City saves money by using brine on roads instead of rock salt

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After the first few snowstorms of the year, the City of Westfield already is seeing benefits to using brine to coat roads instead of rock salt.

After a light winter in 2016, the city it used its snow removal savings to invest in a brine operation system, which includes a production unit and an application unit.

“Brine is essentially dissolved salt, as opposed to rock salt, which you see the trucks dumping out,” Public Works Director Jeremy Lollar said. “What we do is take that salt, add water to it, dissolve the salt and it becomes, essentially, hydrated salt.”

Regular rock salt sits on roadways until precipitation, such as snow or ice, activates the salt.

“(Brine) is already dissolved,” Lollar said. “You put it down and it’s there and ready to go. It doesn’t have to have that chemical breakdown. We are taking out a step. The main benefit to us is it saves us a fairly significant amount of money because there’s no waste. (Brine) can sit for three or four days as pre-treatment.”

Rock salt application requires 150.5 tons of salt to pre-treat the city’s streets. Brine application requires only 17.2 tons because the salt is dissolved into the water, making it go further. It costs roughly $3,000 to treat all the roads with brine. The cost of rock salt treatment is approximately $14,000.

Brine treatment also saves the city in overtime costs, and it helps take stress off workers trying to pre-treat around the clock before a snowstorm.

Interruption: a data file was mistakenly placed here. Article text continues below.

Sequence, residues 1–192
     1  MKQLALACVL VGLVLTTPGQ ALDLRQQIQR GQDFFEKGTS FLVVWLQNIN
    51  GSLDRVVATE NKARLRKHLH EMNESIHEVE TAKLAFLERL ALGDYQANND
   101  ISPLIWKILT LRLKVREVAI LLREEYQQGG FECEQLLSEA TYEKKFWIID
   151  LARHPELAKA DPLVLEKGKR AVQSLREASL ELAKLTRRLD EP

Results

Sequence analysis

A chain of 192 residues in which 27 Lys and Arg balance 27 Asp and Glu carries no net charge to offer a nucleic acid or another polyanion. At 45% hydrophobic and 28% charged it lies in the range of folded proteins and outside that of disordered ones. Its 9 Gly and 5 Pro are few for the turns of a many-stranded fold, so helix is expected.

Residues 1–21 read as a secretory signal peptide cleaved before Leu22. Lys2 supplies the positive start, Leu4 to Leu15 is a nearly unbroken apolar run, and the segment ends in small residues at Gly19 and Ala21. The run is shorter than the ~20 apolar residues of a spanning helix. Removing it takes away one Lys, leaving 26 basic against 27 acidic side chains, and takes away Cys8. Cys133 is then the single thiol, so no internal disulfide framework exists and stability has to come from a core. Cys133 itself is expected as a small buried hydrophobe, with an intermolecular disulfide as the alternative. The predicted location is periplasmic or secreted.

“When we get into 12-hour rotations like that, it can be weeks at a time, seven days a week,” Lollar said. “Any opportunity we can to reduce the force and give people time off is a benefit to the organization and the people, most importantly.”

Brine, however, can’t be applied in all cases. The city still keeps rock salt on hand when certain weather conditions prevent brine from being effective. For example, brine doesn’t work if it rains in advance of ice and snow because rain washes away the application.

Another benefit to Brine, Lollar said, is is that it doesn’t eat away vehicle paint like rock salt does. Not all cities and towns utilize the brine because the production unit has an upfront cost. Because the City of Westfield saved money from its 2016 snow removal budget, it was able to purchase the production unit, which saved enough money within 10 uses to pay for itself.


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